Former Windies captain Dwayne Bravo on Friday opened up about the 2014 tour to India where the tour had to be called off after the fourth ODI due to a contract dispute between the players and their national cricket board. During a chat show on i955fm, a Trinidad-based radio station, Dwayne Bravo said that the then-BCCI chief N Srinivasan had asked him to "take the field" and offered to pay the Windies team whatever they were losing out on. "I remember fully well before we said we weren't going to play the first game, 3 am in the morning, I get a message from the BCCI boss, the old one, Mr [N] Srinivasan, that 'please take the field'", ESPNcricinfo quoted Bravo as saying to i955fm.
"I listened to him - and woke up at 6 am to tell the team that we have to play. And everyone was against playing. Everyone thought that I panicked and chickened out and all these things," Bravo further said.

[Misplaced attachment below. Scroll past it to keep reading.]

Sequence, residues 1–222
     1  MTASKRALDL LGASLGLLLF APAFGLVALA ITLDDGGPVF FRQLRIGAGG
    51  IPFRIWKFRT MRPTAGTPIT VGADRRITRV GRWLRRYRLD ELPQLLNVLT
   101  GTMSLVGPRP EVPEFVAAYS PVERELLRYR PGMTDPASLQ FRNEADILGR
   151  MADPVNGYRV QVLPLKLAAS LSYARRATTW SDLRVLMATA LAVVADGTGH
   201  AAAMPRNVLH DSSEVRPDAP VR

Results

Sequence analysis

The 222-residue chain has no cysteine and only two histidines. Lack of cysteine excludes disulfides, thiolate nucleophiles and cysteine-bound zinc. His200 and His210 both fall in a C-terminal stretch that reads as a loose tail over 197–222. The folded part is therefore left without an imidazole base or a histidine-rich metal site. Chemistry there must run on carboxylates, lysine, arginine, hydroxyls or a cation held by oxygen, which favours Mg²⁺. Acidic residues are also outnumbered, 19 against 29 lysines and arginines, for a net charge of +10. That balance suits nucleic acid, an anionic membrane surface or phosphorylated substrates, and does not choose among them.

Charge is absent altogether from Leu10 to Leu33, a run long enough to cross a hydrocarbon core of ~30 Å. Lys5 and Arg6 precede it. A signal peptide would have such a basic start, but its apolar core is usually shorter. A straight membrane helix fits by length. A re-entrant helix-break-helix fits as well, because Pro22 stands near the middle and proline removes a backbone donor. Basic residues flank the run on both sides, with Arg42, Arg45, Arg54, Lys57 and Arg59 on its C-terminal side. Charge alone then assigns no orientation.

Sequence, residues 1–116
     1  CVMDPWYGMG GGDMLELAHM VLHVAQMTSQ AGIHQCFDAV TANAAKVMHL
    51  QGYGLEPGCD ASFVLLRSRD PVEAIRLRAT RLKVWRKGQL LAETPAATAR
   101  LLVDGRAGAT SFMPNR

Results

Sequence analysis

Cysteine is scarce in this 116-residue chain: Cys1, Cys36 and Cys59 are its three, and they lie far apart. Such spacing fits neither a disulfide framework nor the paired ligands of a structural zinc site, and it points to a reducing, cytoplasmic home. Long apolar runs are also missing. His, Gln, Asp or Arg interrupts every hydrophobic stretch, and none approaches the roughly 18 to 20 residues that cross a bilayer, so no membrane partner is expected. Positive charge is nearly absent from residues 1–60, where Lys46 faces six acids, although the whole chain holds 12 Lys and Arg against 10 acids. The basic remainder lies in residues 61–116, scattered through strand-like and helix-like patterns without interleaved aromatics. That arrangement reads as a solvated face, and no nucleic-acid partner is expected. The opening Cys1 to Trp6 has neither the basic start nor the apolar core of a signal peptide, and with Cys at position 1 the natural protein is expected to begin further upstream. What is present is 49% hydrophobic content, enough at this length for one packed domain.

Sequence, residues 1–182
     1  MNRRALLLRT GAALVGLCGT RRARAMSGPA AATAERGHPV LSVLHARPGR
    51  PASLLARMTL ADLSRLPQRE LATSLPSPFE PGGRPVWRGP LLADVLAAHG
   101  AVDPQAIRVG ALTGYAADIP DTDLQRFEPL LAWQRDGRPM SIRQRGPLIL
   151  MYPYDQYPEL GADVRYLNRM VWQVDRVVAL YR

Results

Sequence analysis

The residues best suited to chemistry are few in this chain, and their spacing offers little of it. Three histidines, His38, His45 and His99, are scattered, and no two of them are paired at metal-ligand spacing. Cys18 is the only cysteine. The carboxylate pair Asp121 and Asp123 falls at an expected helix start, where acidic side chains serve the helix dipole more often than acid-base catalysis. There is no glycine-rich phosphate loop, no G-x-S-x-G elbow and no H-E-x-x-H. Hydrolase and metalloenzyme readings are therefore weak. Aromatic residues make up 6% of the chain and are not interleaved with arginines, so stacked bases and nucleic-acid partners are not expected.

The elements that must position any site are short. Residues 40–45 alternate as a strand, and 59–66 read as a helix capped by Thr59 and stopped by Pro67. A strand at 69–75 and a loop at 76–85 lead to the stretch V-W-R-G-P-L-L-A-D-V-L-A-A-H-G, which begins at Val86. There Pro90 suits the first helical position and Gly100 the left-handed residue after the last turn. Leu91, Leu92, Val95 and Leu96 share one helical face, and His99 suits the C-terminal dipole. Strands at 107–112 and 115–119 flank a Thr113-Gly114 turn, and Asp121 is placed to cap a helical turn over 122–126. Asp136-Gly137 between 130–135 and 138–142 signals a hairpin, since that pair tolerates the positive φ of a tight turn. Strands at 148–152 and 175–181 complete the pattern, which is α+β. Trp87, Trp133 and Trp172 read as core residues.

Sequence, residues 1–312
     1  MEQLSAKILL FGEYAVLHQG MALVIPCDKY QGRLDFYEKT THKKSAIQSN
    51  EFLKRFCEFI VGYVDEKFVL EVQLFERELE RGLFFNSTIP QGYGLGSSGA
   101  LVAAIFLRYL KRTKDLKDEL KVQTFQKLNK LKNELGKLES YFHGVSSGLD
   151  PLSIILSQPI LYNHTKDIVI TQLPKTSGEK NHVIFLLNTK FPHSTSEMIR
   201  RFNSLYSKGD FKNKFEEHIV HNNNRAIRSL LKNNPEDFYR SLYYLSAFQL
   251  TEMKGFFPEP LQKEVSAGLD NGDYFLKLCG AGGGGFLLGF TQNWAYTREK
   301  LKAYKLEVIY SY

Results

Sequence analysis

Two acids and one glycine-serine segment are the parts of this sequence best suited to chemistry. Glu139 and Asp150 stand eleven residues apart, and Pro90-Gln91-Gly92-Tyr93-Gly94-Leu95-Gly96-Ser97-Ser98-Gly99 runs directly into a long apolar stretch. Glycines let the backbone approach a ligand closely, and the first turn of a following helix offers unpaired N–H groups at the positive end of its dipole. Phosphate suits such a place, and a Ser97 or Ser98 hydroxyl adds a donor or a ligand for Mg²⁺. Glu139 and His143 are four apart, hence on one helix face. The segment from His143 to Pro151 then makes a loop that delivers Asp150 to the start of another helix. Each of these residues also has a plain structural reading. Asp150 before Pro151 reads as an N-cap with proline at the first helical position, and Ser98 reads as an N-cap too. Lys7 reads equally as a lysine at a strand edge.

"Yeah, they (BCCI) understood, of course. Because they were very supportive of all of us. Actually they even offered to pay us whatever we were losing. We was like, 'we don't want you to pay us. We need our board to sort out our contracts.' The BCCI was very, very supportive and that is one of the reasons why most of us were still able to continue playing without any serious, serious problems taking place," Bravo added.
The players had threatened to quit the tour as they were sent on the India tour with a 75 percent cut in the contracts without negotiating with any players.
However, Bravo said that it was a unanimous decision by the Windies players to "walk away from the tour".
"Collectively as a team, we decided what to do. I listened to every single player. Apart from one player, everyone signed on a piece of paper, that they were all in support of leaving the tour. But we did not just decide to walk away from the tour. There were different times when we tried to reach out to both our WIPA president (Wavell Hinds) and the cricket president (Dave Cameron, Cricket West Indies president)," Bravo said.
"So we threatened [to pull out] from the first game, but we played. We threatened for the second game, but we played. The [fourth] game we went out (the whole team accompanied Bravo to the toss), so it was just a message and a signal, trying to let them know that we are not happy with whatever is going on," Bravo further added.